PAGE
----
Does Bigger = Stronger? Not Usually
Americans vision of strength and fitness shifted in the late 1970s. When guys like Arnold Schwarzenegger and Lou Ferrigno began appearing in films and on television, what we thought about strength training became about one thing: size.
The nascent world of health and fitness soon shifted focus, with sheer mass -- as opposed to all-around health and fitness -- being the arbiter of men’s health. Magazines like Muscle and Fitness, Shape Up and Strength & Health began pushing pictures of guys built like comic book heroes, their oiled muscles rippling off the page, and the supplement industry suddenly exploded with men looking for mass.
The public safety and military worlds soon fell right in line. Cops worked toward having a “physical presence,” firemen wanted to impress the soccer moms at the grocery store, and military guys wanted to look like the G.I. Joe cartoons they grew up watching.
This trend continued on through the 1980s, with the ubiquity of shredded Gold’s Gym shirts and the legendary Muscle Beach acting as the benchmark for what was and what wasn’t defined as “fitness.” We watched American Gladiators and ate our Wheaties in hopes that we too might curl those massive, octagonical dumbbells, our crewcuts and biceps glistening in the sun.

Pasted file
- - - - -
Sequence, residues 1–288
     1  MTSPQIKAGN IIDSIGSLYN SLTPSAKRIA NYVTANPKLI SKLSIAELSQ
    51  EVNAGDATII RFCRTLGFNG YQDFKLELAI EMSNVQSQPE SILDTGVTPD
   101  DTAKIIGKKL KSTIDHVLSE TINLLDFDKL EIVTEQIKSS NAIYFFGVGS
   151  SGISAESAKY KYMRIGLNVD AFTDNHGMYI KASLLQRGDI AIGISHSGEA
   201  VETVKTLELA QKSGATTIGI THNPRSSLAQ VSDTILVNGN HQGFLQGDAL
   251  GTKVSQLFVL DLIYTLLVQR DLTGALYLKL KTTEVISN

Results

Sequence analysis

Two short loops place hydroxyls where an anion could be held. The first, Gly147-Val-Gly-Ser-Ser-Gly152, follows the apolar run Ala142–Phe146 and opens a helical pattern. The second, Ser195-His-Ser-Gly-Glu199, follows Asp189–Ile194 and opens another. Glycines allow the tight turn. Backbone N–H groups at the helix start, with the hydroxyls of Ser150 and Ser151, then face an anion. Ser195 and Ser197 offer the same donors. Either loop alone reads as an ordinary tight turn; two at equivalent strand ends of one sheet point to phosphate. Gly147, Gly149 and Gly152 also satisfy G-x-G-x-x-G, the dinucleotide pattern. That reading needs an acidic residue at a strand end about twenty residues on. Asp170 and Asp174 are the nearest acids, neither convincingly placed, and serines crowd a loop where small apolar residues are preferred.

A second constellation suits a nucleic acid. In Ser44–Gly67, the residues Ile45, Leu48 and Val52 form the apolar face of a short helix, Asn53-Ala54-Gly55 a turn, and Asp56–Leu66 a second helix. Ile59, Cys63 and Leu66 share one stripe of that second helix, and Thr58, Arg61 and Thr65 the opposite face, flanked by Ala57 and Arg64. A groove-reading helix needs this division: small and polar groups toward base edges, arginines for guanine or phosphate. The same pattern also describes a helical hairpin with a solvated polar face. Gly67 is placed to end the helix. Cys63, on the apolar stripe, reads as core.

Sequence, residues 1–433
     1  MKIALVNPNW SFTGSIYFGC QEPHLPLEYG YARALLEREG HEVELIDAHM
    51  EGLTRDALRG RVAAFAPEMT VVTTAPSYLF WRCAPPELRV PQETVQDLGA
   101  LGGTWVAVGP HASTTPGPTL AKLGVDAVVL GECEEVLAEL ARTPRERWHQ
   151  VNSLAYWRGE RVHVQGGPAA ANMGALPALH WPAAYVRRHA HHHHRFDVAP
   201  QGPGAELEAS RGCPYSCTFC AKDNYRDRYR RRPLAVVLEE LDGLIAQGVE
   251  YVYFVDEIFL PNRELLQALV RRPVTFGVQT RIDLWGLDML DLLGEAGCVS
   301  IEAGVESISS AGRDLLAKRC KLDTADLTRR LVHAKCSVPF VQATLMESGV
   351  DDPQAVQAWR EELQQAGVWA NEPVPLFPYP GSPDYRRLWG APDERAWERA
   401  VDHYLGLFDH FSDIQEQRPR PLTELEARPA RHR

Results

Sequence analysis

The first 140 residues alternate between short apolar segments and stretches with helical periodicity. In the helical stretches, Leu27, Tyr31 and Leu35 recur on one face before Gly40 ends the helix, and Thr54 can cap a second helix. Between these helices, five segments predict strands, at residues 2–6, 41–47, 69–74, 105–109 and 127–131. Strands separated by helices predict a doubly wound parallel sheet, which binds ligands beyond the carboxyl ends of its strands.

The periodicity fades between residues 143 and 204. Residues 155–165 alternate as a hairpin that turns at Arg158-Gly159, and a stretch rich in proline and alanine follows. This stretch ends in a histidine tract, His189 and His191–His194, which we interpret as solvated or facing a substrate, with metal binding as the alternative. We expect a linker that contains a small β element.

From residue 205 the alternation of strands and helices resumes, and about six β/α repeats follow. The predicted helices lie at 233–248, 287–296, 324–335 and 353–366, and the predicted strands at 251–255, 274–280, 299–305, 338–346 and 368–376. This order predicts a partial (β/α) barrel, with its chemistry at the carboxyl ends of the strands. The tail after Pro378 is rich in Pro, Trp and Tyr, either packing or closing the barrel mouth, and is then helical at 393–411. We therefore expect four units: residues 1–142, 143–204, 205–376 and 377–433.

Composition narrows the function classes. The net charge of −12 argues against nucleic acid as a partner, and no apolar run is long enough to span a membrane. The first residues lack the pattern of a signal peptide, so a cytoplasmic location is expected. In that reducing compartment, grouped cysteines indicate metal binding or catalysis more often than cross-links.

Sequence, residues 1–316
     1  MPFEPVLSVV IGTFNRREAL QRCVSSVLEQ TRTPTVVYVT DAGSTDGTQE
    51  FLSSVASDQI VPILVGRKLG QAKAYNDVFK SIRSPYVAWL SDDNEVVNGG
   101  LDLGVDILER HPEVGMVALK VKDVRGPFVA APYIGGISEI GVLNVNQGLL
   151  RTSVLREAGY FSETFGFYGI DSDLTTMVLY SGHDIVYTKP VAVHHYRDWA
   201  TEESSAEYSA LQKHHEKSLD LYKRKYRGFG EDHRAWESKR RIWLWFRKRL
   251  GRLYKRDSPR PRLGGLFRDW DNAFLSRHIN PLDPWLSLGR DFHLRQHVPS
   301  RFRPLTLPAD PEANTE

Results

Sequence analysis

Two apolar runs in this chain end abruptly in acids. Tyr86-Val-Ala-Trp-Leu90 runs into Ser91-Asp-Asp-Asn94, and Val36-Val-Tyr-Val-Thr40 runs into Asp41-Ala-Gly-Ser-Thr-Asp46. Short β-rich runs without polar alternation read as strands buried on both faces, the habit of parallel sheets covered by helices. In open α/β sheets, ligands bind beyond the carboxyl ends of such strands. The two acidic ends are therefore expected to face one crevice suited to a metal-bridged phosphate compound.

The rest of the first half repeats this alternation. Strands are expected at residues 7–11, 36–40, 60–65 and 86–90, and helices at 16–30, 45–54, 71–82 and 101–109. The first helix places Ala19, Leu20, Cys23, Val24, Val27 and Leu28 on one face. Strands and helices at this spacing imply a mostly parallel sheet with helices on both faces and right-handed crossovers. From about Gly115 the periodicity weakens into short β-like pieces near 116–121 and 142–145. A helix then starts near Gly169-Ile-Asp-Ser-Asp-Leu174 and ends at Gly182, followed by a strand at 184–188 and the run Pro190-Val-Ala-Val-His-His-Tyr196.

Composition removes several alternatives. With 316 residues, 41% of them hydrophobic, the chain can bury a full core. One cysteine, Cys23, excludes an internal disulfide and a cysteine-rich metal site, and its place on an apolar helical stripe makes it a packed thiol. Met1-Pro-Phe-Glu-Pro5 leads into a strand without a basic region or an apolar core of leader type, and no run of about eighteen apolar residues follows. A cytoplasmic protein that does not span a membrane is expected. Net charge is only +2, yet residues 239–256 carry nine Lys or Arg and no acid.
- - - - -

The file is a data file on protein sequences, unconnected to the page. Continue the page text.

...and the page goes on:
It wasn’t until the mid-to-late 90s that we began to see a shift in our values and focuses, a shift that continues to manifest today in the idea that fitness and strength doesn’t necessarily mean being the biggest and most physically imposing.
And while mass and size are fine if aesthetics are your main goal, or if you’re a naturally large human, science would argue that you don’t need size to see massive gains in strength.
The key to grasping this concept is understanding that all muscle growth is not created equally.
The term “muscular density” refers to the amount of contractile protein that exists versus fluid that is packed into any cross-sectional area of muscle.
Sarcoplasmic hypertrophy is the fluid between the myofibrils and is a non-contractile protein.
While this growth does make muscles bigger, it doesn’t aid in muscular force development. Which is to say that size, in this instance, does not equal strength.
That size, however, is easy to fall in love with. An increase in muscle size feels great and occurs more rapidly than the more productive type of muscle growth. Also, a rapid increase in the size of your muscles is an easy way to convince yourself that all of your hard work at the gym is paying off. You might look better, but you’re probably not getting much stronger.